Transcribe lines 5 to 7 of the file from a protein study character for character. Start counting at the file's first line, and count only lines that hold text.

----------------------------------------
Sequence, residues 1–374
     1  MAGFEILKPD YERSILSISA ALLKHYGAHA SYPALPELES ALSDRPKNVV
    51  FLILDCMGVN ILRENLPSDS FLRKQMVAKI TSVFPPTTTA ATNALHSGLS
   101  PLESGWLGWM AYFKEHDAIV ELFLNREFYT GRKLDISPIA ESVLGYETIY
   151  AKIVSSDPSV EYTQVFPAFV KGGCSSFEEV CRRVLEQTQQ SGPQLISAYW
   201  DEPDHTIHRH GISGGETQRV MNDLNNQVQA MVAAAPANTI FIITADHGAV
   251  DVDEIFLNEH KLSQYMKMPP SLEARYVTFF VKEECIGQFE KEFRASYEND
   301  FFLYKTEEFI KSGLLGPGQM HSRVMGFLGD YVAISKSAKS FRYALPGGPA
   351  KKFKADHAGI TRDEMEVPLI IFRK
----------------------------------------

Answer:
   151  AKIVSSDPSV EYTQVFPAFV KGGCSSFEEV CRRVLEQTQQ SGPQLISAYW
   201  DEPDHTIHRH GISGGETQRV MNDLNNQVQA MVAAAPANTI FIITADHGAV
   251  DVDEIFLNEH KLSQYMKMPP SLEARYVTFF VKEECIGQFE KEFRASYEND